Apple Malus Bramley Seedling

British Grown
Volume 1+
Price per plant £18.00
Price £21.60
British Grown
Volume 1+
Price per plant £27.00
Price £32.40
British Grown
Volume 1+
Price per plant £39.00
Price £46.80

All prices include VAT

Product description

BRAMLEY SEEDLING

Characteristics

The first Bramley tree grew from pips planted by a young girl, Mary Ann Brailsford, in her garden in Southwell, Nottinghamshire, England.  It was introduced in 1837

Unique to the United Kingdom the Bramley apple is the most popular cooking apple sold. Very large green fruit, that cooks to a sharp puree. Has a strong acid apple flavour. Good keeper.
Best picked October and used until March.

Rootstock
All of our apple trees are grown on the rootstock MM106; this is a semi vigorous stock that will grow to the ultimate height of 14 to 16 ft (4 metres).  It is suitable for growing as espaliers and cordons.

Pollination
Because this apple is a triploid it requires two other non triploid apples to pollinate. Pollination group 3 so will cross pollinate with any apple in group 2, 3 and 4.

Did you know?
The first recorded sale of a Bramley apple was in 1865.
During the early 1900s the Bramley trees were extensively planted, with the fruit a useful source of food during the First World War.
This is a popular wartime recipe
APPLEY DESSERT
Ingredients:
Cooking apples
Condensed milk
Orange juice
Nuts or grated chocolate
Method:
1. Grate the raw cooking apple into a bowl.
2. Whip the apple together with some condensed milk.
3. Add some orange juice.
4. Arrange in dishes with nuts or grated chocolate on top.
 

Spread
0-5 meters
Shape/habit
Open
Spreading
Growth rate
Medium
Soil type
All soil types
Sun levels
Full sun
Difficulty/hard to grow
Medium
Evergreen/Deciduous
Deciduous
Season of interest
Autumn
Spring
Leaf
Green
Flower colour
Pink
Flowering type
Single
Flowering month
April
Fruit pollination group
Three
Fruiting period
September
Fruit attributes
Sweet
Cooking
Good Keeper
Fruit pollination type (SF)
Triploid
Fruit storage period
January
February
March
October
November
December
Fruit colour
Green
Black
Fruit size
Large
Uses
Garden Tree
Encourages wildlife
Bee Friendly
Edible Fruit/Nuts

Aftercare

For the continued healthy growth of your trees, shrubs or hedging it is vital that you follow the advice below.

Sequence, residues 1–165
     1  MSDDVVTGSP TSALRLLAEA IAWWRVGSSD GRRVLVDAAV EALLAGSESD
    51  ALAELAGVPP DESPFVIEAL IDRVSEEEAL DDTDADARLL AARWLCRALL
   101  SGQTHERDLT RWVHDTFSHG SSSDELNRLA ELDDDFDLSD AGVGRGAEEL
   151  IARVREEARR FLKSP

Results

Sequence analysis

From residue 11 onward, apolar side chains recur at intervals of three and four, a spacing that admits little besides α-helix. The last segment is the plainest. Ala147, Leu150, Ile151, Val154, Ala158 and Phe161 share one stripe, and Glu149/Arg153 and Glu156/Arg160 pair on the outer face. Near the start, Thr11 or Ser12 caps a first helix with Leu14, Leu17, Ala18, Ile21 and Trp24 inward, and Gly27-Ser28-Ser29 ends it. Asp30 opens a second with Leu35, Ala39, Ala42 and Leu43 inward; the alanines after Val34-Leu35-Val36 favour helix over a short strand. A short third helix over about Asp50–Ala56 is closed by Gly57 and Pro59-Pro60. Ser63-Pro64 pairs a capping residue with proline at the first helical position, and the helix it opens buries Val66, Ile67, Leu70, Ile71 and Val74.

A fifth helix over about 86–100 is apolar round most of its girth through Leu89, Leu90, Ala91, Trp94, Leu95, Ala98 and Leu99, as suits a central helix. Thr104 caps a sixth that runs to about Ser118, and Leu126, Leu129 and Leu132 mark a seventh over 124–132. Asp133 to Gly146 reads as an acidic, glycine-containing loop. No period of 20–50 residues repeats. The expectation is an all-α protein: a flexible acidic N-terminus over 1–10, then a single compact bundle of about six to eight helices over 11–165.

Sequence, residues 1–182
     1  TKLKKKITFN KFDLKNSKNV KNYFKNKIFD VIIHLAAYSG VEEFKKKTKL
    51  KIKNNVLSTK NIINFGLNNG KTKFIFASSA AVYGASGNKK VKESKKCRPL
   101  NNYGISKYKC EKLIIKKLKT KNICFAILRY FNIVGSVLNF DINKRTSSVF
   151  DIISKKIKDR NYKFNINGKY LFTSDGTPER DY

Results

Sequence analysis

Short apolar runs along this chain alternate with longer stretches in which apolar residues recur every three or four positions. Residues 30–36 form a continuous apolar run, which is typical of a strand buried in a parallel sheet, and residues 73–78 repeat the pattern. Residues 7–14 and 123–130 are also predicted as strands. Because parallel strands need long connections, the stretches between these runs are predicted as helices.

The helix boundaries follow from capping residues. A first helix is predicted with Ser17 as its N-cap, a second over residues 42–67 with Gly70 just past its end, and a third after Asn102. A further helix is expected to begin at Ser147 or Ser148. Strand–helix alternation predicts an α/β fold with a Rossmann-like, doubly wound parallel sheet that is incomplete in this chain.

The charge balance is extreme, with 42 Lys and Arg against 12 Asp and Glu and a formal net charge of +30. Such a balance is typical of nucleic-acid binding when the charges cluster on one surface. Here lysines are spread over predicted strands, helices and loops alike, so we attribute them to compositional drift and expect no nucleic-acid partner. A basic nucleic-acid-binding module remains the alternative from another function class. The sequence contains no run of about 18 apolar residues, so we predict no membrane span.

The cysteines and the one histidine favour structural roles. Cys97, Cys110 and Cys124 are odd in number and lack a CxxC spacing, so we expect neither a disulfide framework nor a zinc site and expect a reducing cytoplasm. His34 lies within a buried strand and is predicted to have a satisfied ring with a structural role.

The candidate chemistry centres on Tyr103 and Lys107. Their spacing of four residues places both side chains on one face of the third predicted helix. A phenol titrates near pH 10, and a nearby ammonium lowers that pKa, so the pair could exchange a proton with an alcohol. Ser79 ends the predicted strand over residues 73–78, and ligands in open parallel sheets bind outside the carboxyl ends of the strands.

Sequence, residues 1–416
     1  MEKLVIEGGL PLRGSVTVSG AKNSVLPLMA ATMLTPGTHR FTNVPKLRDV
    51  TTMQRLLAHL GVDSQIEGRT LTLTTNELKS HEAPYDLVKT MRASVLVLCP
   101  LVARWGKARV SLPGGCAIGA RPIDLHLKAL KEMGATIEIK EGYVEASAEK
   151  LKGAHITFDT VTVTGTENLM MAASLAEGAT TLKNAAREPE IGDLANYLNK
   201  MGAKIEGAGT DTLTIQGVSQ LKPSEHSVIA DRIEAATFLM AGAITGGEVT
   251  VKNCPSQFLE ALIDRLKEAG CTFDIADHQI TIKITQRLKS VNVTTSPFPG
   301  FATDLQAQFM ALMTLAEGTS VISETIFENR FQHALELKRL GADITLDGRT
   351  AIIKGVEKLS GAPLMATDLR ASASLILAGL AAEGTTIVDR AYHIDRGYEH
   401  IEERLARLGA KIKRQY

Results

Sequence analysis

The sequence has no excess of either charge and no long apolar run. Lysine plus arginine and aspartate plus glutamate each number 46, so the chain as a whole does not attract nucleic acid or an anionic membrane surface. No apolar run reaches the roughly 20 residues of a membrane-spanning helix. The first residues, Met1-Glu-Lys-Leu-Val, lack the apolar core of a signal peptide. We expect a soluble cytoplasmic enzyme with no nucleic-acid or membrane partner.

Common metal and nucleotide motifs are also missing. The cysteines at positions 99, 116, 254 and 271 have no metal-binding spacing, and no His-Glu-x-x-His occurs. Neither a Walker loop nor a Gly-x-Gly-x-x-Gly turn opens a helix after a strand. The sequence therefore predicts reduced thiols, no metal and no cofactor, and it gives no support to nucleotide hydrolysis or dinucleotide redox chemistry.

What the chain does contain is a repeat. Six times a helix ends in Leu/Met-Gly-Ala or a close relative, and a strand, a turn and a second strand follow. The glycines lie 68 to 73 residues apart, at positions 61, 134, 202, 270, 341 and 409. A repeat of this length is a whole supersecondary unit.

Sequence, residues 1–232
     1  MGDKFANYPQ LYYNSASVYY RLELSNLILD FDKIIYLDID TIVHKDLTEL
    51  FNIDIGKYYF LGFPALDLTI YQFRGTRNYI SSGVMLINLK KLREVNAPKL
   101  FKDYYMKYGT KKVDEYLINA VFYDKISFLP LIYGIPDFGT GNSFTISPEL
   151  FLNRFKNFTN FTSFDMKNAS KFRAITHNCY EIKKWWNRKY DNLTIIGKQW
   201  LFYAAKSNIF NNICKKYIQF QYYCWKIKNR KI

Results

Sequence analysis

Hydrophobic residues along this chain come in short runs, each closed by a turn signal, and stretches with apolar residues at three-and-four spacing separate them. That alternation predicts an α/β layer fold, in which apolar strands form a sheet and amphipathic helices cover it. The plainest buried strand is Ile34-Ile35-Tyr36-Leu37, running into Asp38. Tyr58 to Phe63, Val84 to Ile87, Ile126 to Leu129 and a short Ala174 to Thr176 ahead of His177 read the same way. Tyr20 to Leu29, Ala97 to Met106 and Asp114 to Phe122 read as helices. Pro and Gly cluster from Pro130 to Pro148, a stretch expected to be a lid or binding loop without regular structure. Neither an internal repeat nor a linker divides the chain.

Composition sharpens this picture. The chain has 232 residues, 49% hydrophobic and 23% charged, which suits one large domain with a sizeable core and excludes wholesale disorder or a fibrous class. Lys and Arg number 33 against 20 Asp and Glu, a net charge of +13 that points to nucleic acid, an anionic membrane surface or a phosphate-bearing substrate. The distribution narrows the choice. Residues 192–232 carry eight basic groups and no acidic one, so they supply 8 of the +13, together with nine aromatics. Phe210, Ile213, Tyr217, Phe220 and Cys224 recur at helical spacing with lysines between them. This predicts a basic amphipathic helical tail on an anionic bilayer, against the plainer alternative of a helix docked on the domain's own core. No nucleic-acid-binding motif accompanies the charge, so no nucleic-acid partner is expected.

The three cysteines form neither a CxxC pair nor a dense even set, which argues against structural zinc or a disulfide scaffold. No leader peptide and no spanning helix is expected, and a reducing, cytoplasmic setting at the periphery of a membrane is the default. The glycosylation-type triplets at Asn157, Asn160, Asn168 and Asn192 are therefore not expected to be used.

Watering

The main reason that plants die within 12 months of having been planted is lack of water.  It is essential throughout the spring and summer, to give a heavy enough watering to enable the water to penetrate right down to the deepest root level of the tree.  In hot dry spells give the equivalent of 2 bucketfuls every three days.

Weed Control

One of the most common causes of lack of water is competition from grass.  When trees are first establishing, the grass roots would be at the same level as the tree roots and are far more efficient at taking up water and thus choke the tree.  It is vital for 3 years after planting that your tree or hedge has a circle or strip one  metre wide completely free of grass.  The way to eliminate grass in order of effectiveness is:

  1. Spray off the grass with a glyphosate based weed killer such as Roundup.  Apply each year for the first 3 years.  It is best applied when the tree is dormant as it is absorbed through green leaves and kills the plant off at the roots.
  2. Firmly fit a mulch mat around the base of the tree by tucking the edges into the soil and put a thick layer of bark mulch on top of this.  This can be done after the initial spraying with glyphosate and should avoid the need for further spraying.

Mowing or strimming is NOT an answer to the problem.  Each time you mow, the grass will grow back more vigorously and strimming invariably leads to lacerated trunks.

Staking

If trees are not correctly secured they will rock in the planting pit. Roots not firmly in contact with the soil are unable to take up moisture and nutrients, resulting in die back or death of the tree.  Check, particularly after windy weather, that stakes are still solidly in the ground keeping the base of the trunk firm.  The purpose of the stakes is to anchor the roots.   Flexing in the wind, higher up the trunk, is not necessarily a problem if the roots are firm.

Bellow is list of the correct system to use to secure your trees.

  • 40/60, 60/80, 80/100 whips - Unless rabbit/deer problem no need to stake.
  • 100/125, 125/150  1.2m Cane and Easi tie.
  • 150/175  1.2m square stake and a buckle tie and spacer.
  • 175/250, 6/8, 8/10 15L 1.65 Tree stake and a buckle tie and spacer.
  • All larger trees. 2 x 1.65 Tree stake and cross rail with 38mm cushion spacer and 1m of 38mm strapping.

Ties

Always use our recommended tree ties or strapping.  These are designed and manufactured with the correct amount of give to hold the tree firm without strangling it. They should be checked at the end of each growing season for adjustment as the trunk thickens.  Non proprietary materials such as baler twine will cut into the bark and should not be used.

Protection from Animal Damage

Rabbits, deer, sheep, cattle and horses can all potentially damage trees.  Ask us for advice on the most appropriate guards for your trees or hedge.  Squirrels are also a terrible pest when trees get to about 20ft tall but there is no protection available.

Comments

By Steve Hudson on 30/09/2016

Hi.  I have a small plot and am looking for apple trees on M26 or M9 rootstock.  Do you have any of these?  Regards,  Steve

By Simon on 30/09/2016

Hello Steve,

No, I’m afraid our apples are all on MM106 rootstocks.

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